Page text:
Moonage Daydream serves more as a beautiful tribute, that gracefully captures the very essence of who David Bowie was, or at least, who he was to the public.
It’s hard to describe Moonage Daydream. Yes, it is a documentary, but not in the traditional sense. There’s no overarching narrative. No main anchor point or person to guide you through the story. No interjecting comments from subject matter experts or bystanders to the overarching subject.
Instead, director Brett Morgen invites you on a ride through the mind of David Bowie himself, allowing Bowie to tell the story in his own words. It’s a whirlwind, that sometimes plays like the tunnel scene in Willy Wonka (and I mean that in the best possible sense). An expose of what Bowie wanted the world to see. It’s cosmic. It’s loud. It breaks boundaries of what one expects out of a music documentary. It is, in essence, David Bowie.
While Morgen is known for his innovative style of documentary storytelling, even within the music documentary genre (see: Kurt Cobain: Montage of Heck), Moonage Daydream manages to extend beyond anything Morgen has done before. The editing in this film is a wonder in itself. A 2 hour and 15 minute long montage of various interviews, music performances, and backstage footage, focusing primarily on Bowie’s career throughout the 70s and 80s. The first half focusing on the rise to fame- the brilliance of the Ziggy Stardust era. The flashiness and camp that we expect out of Bowie. Live performances that send chills down your spine and give you the sense that you’re witnessing something of astronomic proportions. The second act then moves into the 80s era, where, despite commercial success, Bowie began to feel creatively frustrated.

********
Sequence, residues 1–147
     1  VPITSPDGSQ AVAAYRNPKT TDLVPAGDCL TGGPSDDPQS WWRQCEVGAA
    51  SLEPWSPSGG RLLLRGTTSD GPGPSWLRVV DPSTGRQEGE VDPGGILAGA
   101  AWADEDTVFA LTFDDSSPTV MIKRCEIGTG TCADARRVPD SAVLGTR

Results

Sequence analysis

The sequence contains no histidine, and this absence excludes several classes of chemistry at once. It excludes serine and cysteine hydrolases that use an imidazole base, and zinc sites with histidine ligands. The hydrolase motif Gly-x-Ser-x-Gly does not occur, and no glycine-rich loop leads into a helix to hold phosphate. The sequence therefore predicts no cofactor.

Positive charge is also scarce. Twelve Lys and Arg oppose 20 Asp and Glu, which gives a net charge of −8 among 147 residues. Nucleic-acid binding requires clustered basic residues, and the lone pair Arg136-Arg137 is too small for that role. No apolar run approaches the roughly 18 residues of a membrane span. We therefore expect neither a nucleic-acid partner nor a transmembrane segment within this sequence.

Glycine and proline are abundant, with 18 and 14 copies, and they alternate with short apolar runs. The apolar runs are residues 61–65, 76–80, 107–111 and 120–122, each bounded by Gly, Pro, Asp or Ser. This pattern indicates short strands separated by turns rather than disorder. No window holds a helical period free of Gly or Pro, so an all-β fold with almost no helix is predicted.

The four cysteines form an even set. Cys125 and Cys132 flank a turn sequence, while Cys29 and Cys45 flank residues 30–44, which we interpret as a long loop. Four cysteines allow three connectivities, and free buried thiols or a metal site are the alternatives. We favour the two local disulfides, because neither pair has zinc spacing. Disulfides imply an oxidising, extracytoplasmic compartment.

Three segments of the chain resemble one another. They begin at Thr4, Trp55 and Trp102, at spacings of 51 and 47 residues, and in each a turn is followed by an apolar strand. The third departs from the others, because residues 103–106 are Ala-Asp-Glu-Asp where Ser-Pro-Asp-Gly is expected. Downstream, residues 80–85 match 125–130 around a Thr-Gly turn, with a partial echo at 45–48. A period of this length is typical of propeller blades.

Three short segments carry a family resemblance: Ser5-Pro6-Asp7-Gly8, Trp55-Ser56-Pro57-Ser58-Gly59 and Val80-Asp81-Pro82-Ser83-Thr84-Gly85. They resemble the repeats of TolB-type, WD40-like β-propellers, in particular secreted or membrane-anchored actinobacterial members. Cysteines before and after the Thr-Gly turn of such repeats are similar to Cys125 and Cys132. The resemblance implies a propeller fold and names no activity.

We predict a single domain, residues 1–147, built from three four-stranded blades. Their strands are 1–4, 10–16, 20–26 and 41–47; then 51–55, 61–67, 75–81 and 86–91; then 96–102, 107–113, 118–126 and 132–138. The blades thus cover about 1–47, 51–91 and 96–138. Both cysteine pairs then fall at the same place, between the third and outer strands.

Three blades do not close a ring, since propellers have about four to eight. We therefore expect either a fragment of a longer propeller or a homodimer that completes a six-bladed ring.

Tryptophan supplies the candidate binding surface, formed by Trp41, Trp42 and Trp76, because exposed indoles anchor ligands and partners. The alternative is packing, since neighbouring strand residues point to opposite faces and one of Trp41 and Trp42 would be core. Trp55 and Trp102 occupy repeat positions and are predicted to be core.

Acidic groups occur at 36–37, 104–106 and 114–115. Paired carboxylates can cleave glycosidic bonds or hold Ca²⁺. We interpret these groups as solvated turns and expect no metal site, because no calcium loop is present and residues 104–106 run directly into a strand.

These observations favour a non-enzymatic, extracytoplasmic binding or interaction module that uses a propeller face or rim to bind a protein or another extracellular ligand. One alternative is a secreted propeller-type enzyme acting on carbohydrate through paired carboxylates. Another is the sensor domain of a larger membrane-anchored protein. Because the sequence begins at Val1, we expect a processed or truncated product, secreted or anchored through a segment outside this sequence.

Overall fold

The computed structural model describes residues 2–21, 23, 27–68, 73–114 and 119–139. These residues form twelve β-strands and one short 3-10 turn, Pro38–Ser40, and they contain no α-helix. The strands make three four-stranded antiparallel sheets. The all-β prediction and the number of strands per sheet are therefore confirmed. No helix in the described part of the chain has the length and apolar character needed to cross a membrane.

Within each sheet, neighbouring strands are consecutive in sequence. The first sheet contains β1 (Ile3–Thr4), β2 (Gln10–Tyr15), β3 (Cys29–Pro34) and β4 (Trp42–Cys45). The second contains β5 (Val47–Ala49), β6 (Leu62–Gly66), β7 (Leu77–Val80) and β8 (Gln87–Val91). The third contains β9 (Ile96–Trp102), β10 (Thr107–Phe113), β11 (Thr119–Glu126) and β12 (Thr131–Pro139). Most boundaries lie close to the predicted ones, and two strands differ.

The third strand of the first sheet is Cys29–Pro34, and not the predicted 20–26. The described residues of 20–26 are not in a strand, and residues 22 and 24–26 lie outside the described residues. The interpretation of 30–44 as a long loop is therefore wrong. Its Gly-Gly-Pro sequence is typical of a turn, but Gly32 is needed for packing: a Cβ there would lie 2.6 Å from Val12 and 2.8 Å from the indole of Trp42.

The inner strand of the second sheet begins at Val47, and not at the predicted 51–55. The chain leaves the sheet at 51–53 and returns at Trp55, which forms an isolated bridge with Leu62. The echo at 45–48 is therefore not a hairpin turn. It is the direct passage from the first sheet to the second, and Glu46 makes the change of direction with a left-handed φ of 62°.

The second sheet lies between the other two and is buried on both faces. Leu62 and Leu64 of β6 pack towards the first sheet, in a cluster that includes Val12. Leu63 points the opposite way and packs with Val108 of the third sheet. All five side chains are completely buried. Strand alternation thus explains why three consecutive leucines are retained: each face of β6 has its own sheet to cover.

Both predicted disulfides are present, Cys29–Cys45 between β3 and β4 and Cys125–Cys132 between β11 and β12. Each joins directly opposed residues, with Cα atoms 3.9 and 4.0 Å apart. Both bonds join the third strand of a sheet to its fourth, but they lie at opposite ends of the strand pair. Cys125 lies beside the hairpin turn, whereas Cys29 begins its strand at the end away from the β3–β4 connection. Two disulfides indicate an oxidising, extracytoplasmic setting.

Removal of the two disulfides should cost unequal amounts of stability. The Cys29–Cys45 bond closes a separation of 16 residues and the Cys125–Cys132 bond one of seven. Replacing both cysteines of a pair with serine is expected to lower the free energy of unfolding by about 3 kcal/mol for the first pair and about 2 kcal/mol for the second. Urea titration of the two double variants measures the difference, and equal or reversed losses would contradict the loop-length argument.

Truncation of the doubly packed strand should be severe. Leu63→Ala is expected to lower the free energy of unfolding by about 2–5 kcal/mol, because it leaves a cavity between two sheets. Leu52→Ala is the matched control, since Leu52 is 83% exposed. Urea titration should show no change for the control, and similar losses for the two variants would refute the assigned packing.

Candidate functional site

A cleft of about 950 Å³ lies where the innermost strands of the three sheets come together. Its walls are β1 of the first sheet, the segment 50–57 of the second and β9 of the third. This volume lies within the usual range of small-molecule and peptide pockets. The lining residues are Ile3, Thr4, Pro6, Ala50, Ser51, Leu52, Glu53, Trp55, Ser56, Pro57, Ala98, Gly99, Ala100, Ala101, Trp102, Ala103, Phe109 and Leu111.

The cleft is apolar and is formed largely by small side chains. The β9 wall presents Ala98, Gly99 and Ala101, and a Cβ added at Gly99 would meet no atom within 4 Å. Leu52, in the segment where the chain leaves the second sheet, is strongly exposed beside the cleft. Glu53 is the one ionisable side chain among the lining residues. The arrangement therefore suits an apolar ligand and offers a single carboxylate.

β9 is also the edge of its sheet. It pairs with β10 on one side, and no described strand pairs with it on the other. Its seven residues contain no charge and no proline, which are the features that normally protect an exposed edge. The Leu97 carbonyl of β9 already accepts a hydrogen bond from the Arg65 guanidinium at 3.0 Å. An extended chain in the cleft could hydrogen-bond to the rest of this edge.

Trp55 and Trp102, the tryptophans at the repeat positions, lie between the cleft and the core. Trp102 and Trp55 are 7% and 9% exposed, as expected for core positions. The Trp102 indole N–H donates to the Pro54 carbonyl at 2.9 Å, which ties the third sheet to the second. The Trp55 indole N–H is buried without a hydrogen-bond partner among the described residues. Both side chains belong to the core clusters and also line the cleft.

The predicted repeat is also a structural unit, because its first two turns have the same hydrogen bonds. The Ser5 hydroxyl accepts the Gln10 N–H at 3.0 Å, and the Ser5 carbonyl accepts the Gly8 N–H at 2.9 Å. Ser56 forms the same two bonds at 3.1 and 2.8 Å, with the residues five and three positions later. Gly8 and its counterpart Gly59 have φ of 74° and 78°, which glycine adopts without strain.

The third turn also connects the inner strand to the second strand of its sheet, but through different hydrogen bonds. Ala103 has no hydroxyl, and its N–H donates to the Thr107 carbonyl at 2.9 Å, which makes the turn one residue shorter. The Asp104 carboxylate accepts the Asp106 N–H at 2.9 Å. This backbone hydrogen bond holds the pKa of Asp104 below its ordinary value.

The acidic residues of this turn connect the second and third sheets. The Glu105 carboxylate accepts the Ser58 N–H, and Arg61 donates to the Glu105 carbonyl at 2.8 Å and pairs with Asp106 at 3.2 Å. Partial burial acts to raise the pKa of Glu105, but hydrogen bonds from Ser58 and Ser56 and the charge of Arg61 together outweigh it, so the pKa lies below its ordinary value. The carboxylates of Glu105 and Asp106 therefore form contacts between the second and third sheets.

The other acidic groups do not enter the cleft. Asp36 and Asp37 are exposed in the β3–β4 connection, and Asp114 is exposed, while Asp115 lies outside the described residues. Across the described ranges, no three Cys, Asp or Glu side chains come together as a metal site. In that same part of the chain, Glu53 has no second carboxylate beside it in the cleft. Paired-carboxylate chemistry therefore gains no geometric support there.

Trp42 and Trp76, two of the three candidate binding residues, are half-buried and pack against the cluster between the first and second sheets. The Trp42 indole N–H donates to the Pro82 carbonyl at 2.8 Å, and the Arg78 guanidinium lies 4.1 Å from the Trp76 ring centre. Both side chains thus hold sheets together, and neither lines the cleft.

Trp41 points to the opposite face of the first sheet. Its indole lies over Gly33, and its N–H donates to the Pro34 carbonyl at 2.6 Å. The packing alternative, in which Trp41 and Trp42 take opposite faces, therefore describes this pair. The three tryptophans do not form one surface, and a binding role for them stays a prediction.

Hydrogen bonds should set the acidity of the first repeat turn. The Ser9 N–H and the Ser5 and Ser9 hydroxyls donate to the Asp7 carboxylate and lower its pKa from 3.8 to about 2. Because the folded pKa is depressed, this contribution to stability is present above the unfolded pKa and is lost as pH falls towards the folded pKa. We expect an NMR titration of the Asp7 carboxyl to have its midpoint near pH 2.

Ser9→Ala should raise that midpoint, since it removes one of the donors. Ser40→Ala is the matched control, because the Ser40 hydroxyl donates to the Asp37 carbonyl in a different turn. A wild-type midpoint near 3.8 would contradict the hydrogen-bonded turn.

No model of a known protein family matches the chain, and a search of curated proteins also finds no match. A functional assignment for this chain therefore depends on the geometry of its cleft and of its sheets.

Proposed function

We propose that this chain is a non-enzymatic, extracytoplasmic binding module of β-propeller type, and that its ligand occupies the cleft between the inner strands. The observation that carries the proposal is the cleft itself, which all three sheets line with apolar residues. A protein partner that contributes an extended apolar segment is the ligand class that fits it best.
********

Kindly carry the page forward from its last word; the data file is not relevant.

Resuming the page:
And then, much like Bowie’s career, it leads up to Iman. In one of the most beautiful sequences ever put on screen (hyperbolic, maybe, but also not untrue), the shift of the film changes in a way that sends chills down your spine. This pinnacle of the movie feels like a gorgeous crescendo in a song. And suddenly, for a movie that does not really focus on Bowie’s personal life very much, a sense of intimacy is shared between the film and the audience. As if we all just climbed Mount Everest together, and have finally reached the summit. It’s difficult to describe just how gorgeous of a moment it is.
Then again, it’s hard to describe the actual film itself. It feels more like an immersive experience than a film, especially on IMAX (the best and only way to view it, in my opinion), and is more of a long (but cohesive) montage than it is narrative film. And yet, it manages to capture you from the start, and despite its long runtime, will leave you wanting more. While the film will certainly appeal more to David Bowie fans who are familiar with his music, the artistry of the film keeps it enjoyable for anyone. While making a documentary from the view point of an artist, especially posthumously, can be a bit of a dangerous game, Moonage Daydream serves more as a beautiful tribute, that gracefully captures the very essence of who David Bowie was, or at least, who he was to the public.
Likely: Best Documentary
Should be Considered: Best Film Editing
Release Date: September 22, 2022 (Wide Release)
Where to Watch: In Theaters
Lives in NC, where she is on a first name basis with the owners of her favorite pho spot.
Favorite Actress: Angela Bassett
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